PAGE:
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How to report a possible abuse of your human rights

If you feel your human rights have been abused, there are lots of ways you can report it.

Human rights abuses and crimes

A lot of human rights abuses are also crimes. This includes things like assault or someone being sexist or racist to you in the street. In these cases you can report what's happened to the police.

Some human rights abuses aren't matters for the police. These can include things such as being treated badly by:

  • the Scottish Government
  • British security services like MI5
  • the NHS
  • universities and colleges
  • housing associations
  • prisons
  • local councils

How to make a complaint

Most of the time you can make a direct complaint to the public body that you believe has abused your human rights. Most public bodies should have a review process for complaints that is separate to the part you're making a complaint about - this means your complaint should be looked at without any bias.

Police Scotland

You can complain about the police if you're unhappy with the way Police Scotland has treated you.

The Scottish Government

If you feel that any of the Scottish Government's policies, staff or services have had an impact on your human rights, you can make a complaint using the email address:

Find out more about making a complaint to the Scottish Government.

NHS Scotland

Often, the simplest way to make a complaint about any care you've received from the NHS is to make a direct complaint to any NHS staff member who is caring for you, such as a GP.

Find out more about other ways to make a complaint to the NHS.

Local councils

You can make a complaint direct to your local council.

Aberdeen City CouncilAberdeenshire CouncilAngus CouncilArgyll and Bute CouncilClackmannanshire CouncilComhairle nan Eilean Siar (Western Isles Council)Dumfries & Galloway CouncilDundee City CouncilEast Ayrshire CouncilEast Dunbartonshire CouncilEast Lothian CouncilEast Renfrewshire CouncilEdinburgh CouncilFalkirk CouncilFife CouncilGlasgow City CouncilHighland CouncilInverclyde CouncilMidlothian CouncilMoray CouncilNorth Ayrshire CouncilNorth Lanarkshire CouncilOrkney Islands CouncilPerth & Kinross CouncilRenfrewshire CouncilScottish Borders CouncilShetland Islands CouncilSouth Ayrshire CouncilSouth Lanarkshire CouncilStirling CouncilWest Dunbartonshire CouncilWest Lothian Council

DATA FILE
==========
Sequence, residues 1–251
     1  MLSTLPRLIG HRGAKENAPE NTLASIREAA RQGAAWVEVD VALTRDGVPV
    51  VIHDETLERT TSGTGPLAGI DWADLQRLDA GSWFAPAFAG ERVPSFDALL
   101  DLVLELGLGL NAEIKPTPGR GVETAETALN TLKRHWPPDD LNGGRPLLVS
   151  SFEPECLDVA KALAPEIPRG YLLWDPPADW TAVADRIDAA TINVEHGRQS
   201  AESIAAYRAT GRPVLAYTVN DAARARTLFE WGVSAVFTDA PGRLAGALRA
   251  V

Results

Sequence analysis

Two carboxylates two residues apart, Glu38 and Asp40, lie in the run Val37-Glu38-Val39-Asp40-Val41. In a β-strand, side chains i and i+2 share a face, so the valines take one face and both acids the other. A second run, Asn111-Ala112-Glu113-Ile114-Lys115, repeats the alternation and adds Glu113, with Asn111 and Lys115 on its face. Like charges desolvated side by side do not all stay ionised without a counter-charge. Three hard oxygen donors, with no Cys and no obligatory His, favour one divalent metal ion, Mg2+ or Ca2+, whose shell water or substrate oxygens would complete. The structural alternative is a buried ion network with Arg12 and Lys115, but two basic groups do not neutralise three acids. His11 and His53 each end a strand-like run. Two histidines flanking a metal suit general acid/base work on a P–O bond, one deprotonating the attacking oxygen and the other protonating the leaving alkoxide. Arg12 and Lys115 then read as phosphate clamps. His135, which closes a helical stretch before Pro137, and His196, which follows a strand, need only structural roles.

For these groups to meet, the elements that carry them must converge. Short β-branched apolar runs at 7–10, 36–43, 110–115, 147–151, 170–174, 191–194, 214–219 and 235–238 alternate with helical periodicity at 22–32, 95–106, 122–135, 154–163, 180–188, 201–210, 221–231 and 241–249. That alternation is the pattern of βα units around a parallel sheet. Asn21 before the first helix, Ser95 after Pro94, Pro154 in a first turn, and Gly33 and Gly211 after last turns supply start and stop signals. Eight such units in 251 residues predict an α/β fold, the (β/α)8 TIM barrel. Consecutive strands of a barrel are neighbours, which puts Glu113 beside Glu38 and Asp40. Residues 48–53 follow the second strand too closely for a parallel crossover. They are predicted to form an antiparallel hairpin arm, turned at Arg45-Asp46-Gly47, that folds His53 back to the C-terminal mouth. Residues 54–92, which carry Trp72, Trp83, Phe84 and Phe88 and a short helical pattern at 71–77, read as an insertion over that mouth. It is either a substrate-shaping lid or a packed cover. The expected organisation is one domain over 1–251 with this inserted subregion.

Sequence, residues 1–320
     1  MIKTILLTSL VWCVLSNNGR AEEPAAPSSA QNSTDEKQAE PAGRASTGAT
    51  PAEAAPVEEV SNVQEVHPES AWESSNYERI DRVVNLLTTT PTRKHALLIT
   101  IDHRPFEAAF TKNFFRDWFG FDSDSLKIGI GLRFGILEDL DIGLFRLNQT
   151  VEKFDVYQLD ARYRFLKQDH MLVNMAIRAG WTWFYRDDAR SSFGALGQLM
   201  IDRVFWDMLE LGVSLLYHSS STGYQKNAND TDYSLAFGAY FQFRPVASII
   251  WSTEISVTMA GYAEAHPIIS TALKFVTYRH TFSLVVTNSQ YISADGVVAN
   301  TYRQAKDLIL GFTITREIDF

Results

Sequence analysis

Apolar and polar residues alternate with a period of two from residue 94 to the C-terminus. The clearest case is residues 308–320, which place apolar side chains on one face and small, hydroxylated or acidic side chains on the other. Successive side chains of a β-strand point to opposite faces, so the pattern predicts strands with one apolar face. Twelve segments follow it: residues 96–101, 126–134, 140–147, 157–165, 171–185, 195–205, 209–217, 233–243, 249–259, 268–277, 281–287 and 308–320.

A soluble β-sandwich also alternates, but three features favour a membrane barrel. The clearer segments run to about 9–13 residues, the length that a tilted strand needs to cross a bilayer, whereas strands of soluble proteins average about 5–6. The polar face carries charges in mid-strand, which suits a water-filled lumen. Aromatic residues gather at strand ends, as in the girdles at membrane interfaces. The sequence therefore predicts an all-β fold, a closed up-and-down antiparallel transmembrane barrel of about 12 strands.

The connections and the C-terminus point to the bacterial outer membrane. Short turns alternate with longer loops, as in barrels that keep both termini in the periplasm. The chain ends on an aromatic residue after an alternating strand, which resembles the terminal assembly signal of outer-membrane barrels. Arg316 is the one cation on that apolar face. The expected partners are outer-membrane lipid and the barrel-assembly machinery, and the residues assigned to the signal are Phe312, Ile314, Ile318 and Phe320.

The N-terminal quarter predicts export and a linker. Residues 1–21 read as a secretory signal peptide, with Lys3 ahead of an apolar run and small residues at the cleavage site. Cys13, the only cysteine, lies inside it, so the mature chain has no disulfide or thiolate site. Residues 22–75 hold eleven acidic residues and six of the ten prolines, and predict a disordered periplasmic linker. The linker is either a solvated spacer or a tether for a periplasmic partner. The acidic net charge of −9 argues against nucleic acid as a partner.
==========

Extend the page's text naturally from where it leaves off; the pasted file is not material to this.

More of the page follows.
You can contact the Scottish Prisons Service to make a complaint if you feel:

  • you've been treated badly while on a visit to a prison
  • someone in your family is in prison and you feel they're being treated badly

If you're an inmate and you want to make a complaint about your treatment in prison you should make a complaint to the staff at your prison. They can refer a complaint to the Scottish Prisons Service.

Housing associations, universities or colleges

All housing associations, universities and colleges are regulated by law. This means they have to fairly review any complaint you make.

You'll need to contact your individual housing association, university or college to make a complaint.

If you're not happy with the response to your complaint

If you made a complaint to a Scottish public service, and you don't feel their response was good enough, you can make a final stage complaint to the Scottish Public Services Ombudsman (SPSO).

The SPSO will decide whether a Scottish public service has dealt with your complaint fairly. You can make a complaint to the SPSO about:

  • the Scottish Government
  • the NHS
  • universities and colleges
  • housing associations
  • prisons
  • local councils

Complaints about MI5

MI5 is not a Scottish public service. If you want to make a complaint about MI5 you will need to make a complaint to the UK Investigatory Powers Tribunal.

If you want some advice

Citizens Advice Scotland and other human rights groups can give free advice to help you work out what to do.

Human rights groups

Human rights groups are often charities that have nothing to do with the government or any other public bodies, so can give free, independent advice. Some of the groups that might be able to help or advise you are:

Government support service

The Equality Advisory Support Service can help with information and advice about any type of sexism, racism or human rights issues.

Legal advice

Solicitors can give legal advice about human rights issues, though you may have to pay for a solicitor's time.

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